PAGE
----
Chair Ed Royce: There is just one more issue that I meant to raise with you and that's just turning for a moment to discuss inclusion of the Kurdish Democratic Party and the Patriotic Union of Kurdistan in the PATRIOT Act's Tier III designation -- terrorist designation. My understanding is that this has become a sort of catch-all designation that has inadvertently mislabeled the KDP and the PUK as terrorists even though they have been a stabilizing force in the region and consistently loyal to the United States for decades. As al Qaeda and other groups expand across the Middle East and beyond, it seems like a good time to take count of our remaining friends in the region and maybe take a look at this inappropriate designation and recognize that that's harming our very important relationship with the Kurdish people. So would the administration be supportive of a legislative solution to this issue that would exclude these Kurdish groups from the Tier III designation
Brett McGurk: Uh, Mr. Chairman, thank you for asking that question and for allowing me to put our response on the record. Uhm, as you said, the Kurdish people -- the PUK, the KDP -- have been among our closest friends in the region going back decades. We think they should be removed from this list as soon as possible. We think it is an imperative. Uh, we understand that it requires a legislative fix. There is nothing we can do by executive action alone. And therefore we are 100% supportive of an immediate legislative fix to this problem and we look forward to working with you and the relevant Committees in Congress to get that done.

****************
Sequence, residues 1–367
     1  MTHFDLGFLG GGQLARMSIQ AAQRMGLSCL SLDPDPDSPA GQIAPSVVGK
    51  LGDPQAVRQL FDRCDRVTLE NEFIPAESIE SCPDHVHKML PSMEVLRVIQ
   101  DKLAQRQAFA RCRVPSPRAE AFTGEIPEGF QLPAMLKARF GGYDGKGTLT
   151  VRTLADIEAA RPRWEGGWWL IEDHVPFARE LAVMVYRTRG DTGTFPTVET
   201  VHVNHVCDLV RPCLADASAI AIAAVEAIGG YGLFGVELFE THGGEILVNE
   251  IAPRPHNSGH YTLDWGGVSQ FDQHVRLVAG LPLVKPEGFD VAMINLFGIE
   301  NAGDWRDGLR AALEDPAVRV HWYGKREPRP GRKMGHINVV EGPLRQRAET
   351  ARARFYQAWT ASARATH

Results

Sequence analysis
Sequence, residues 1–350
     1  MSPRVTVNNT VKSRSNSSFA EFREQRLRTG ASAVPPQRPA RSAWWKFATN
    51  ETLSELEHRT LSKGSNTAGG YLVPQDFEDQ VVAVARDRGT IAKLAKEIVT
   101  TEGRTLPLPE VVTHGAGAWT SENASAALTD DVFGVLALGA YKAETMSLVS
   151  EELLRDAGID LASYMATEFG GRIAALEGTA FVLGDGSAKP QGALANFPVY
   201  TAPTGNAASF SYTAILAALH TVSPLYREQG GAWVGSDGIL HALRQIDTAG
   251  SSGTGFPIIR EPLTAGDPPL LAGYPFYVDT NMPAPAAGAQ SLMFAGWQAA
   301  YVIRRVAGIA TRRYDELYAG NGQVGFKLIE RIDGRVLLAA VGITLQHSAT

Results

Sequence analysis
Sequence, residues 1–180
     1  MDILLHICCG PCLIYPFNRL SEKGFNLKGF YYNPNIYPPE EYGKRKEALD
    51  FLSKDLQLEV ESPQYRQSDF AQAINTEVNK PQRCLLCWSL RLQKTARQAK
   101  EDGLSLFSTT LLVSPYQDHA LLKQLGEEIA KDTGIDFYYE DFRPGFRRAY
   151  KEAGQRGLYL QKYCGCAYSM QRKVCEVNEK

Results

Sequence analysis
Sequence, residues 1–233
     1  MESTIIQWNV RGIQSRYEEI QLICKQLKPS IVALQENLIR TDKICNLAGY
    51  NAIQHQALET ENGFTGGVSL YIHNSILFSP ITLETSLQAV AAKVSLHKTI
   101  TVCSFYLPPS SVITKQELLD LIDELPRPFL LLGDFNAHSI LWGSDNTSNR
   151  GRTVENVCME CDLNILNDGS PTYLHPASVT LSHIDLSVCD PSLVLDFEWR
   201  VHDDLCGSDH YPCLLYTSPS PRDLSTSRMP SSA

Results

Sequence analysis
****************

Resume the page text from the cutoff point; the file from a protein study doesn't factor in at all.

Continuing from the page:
That exchange is from last week when the House Foreign Affairs Committee held a hearing on Iraq. Appearing before the Committee was the US State Dept's Deputy Assistant Secretary for Iraq and Iran Brett McGurk. We've covered the hearing in the February 5th Iraq snapshot, February 6th Iraq snapshot and February 7th Iraq snapshot. as well as "Prashant Rao's naive and Hannah Allem's got a grudge to f**k" which details the main themes of the hearing (and how Rao was terribly naive to believe Hannah Allem's hideous Tweets which were nothing more than her working her grudge against the Ashraf community). We'll return to the hearing two more times in this snapshot.